The Boston Citgo sign, all 3,600 square LED feet of which has served as the backdrop to Red Sox games since 1965, is now officially a "pending landmark."

Spanish Surrealist Salvador Dalí spent much of the 1940s in the U.S., avoiding World War II and its aftermath. He was a well-known fixture on the art scene in Monterey, Calif. — and that's where the largest collection of Dalí's work on the West Coast is now open to the public.

Copyright 2016 Fresh Air. To see more, visit Fresh Air.

The middle of summer is when the surprises in publishing turn up. I'm talking about those quietly commanding books that publishers tend to put out now, because fall and winter are focused on big books by established authors. Which brings us to The Dream Life of Astronauts, by Patrick Ryan, a very funny and touching collection of nine short stories that take place in the 1960s and '70s around Cape Canaveral, Fla.

When the United Kingdom voted to leave the European Union last month, the seaside town of Port Talbot in Wales eagerly went along with the move. Brexit was approved by some 57 percent of the town's residents.

Now some of them are wondering if they made the wrong decision.

The June 23 Brexit vote has raised questions about the fate of the troubled Port Talbot Works, Britain's largest surviving steel plant — a huge, steam-belching facility that has long been the town's biggest employer.

Solar Impulse 2 has landed in Cairo, completing the penultimate leg of its attempt to circumnavigate the globe using only the power of the sun.

The trip over the Mediterranean included a breathtaking flyover of the Pyramids. Check it out:

President Obama is challenging Americans to have an honest and open-hearted conversation about race and law enforcement. But even as he sits down at the White House with police and civil rights activists, Obama is mindful of the limits of that approach.

"I've seen how inadequate words can be in bringing about lasting change," the president said Tuesday at a memorial service for five law officers killed last week in Dallas. "I've seen how inadequate my own words have been."

Mice watching Orson Welles movies may help scientists explain human consciousness.

At least that's one premise of the Allen Brain Observatory, which launched Wednesday and lets anyone with an Internet connection study a mouse brain as it responds to visual information.

The FBI says it is giving up on the D.B. Cooper investigation, 45 years after the mysterious hijacker parachuted into the night with $200,000 in a briefcase, becoming an instant folk figure.

"Following one of the longest and most exhaustive investigations in our history," the FBI's Ayn Dietrich-Williams said in a statement, "the FBI redirected resources allocated to the D.B. Cooper case in order to focus on other investigative priorities."

This is the first in a series of essays concerning our collective future. The goal is to bring forth some of the main issues humanity faces today, as we move forward to uncertain times. In an effort to be as thorough as possible, we will consider two kinds of threats: those due to natural disasters and those that are man-made. The idea is to expose some of the dangers and possible mechanisms that have been proposed to deal with these issues. My intention is not to offer a detailed analysis for each threat — but to invite reflection and, hopefully, action.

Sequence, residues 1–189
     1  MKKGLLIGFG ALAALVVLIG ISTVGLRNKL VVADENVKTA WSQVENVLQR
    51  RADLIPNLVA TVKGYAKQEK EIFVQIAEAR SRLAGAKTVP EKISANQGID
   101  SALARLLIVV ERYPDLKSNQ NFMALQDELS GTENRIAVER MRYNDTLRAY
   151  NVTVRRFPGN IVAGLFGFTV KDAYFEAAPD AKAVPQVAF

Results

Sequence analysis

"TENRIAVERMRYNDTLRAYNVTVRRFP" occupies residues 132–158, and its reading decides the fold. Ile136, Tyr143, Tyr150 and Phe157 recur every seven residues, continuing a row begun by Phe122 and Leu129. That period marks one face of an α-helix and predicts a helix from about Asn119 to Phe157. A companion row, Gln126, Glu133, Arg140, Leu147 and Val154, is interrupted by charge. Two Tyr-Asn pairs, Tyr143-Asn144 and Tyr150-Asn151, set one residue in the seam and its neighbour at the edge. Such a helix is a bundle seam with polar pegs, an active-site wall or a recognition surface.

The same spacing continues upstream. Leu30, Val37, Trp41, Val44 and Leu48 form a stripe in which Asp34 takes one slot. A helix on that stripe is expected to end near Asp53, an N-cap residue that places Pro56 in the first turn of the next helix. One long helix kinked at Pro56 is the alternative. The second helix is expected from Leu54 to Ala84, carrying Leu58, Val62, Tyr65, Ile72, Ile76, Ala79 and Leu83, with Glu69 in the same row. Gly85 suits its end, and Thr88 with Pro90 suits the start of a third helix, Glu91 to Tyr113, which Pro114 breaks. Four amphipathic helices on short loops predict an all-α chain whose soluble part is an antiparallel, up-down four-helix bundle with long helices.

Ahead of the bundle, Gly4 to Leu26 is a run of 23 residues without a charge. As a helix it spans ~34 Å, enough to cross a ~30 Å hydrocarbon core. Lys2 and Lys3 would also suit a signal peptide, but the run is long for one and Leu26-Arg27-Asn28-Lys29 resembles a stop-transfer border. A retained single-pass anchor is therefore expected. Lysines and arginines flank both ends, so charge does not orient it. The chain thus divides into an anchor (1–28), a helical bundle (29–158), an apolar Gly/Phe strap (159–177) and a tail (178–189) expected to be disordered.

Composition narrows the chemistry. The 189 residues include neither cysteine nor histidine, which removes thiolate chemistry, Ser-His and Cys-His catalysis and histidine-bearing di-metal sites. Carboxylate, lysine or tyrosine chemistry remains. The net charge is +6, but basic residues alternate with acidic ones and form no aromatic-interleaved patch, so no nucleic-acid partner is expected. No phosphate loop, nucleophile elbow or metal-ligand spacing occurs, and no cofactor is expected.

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Book News: Should Ayn Rand Be Required Reading?

Feb 8, 2013
Originally published on February 8, 2013 3:37 pm

The daily lowdown on books, publishing, and the occasional author behaving badly.

  • Idaho state Sen. John Goedde (half-jokingly) introduced a bill this week that would require every Idaho high school student to read Ayn Rand's Atlas Shrugged and pass an exam in order to graduate. Goedde, a Republican who is chairman of the state Senate's Education committee, said the book made his son a Republican. While it's not clear how serious the proposal is, it's hit a nerve.
  • Today in inexplicable news: The Geico Gecko has written an advice book called You're Only Human: A Guide to Life, which is set to be published in April. The press material says the insurance company's spokeslizard "has spent the last few years traveling across America, like a modern-day de Tocqueville." It adds: "He's a philosopher, an aphorist, a humorist, an artist, a warm companion, a natural storyteller — and, in a grand tradition, a keenly observant and wise outsider who in the course of living and traveling among us has discovered quite a lot about the things that make us human."
  • Amazon has acquired a patent for reselling and lending digital books. Libraries are already lending digital materials, but the concept of selling "used" ebooks is pretty novel (sorry). According to the patent, "When the user no longer desires to retain the right to access the now-used digital content, the user may move the used digital content to another user's personalized data store when permissible and the used digital content is deleted from the originating user's personalized data store." But it seems Amazon will be able to impose limits on the number of times a particular piece of material is resold: "When a digital object exceeds a threshold number of moves or downloads, the ability to move may be deemed impermissible and suspended or terminated."
  • Author Lawrence Wright went on The Colbert Report this week to plug his new book, Going Clear: Scientology, Hollywood, and the Prison of Belief. That's when host Stephen Colbert's interview really got interesting.
  • Little, Brown announced Thursday that its new publisher will be Reagan Arthur, who has worked with writers such as Kate Atkinson and George Pelecanos and oversaw bestsellers like Tina Fey's Bossypants. The company's current publisher, Michael Pietsch, will become CEO.

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